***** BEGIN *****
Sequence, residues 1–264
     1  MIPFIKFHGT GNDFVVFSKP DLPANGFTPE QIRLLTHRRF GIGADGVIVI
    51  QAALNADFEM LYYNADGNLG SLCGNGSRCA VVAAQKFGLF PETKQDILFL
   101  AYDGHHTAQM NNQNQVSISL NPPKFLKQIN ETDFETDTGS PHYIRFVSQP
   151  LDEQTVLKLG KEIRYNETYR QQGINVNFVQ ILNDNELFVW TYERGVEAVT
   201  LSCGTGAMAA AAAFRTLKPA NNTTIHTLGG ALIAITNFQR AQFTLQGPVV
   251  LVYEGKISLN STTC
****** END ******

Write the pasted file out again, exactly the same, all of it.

Sequence, residues 1–264
     1  MIPFIKFHGT GNDFVVFSKP DLPANGFTPE QIRLLTHRRF GIGADGVIVI
    51  QAALNADFEM LYYNADGNLG SLCGNGSRCA VVAAQKFGLF PETKQDILFL
   101  AYDGHHTAQM NNQNQVSISL NPPKFLKQIN ETDFETDTGS PHYIRFVSQP
   151  LDEQTVLKLG KEIRYNETYR QQGINVNFVQ ILNDNELFVW TYERGVEAVT
   201  LSCGTGAMAA AAAFRTLKPA NNTTIHTLGG ALIAITNFQR AQFTLQGPVV
   251  LVYEGKISLN STTC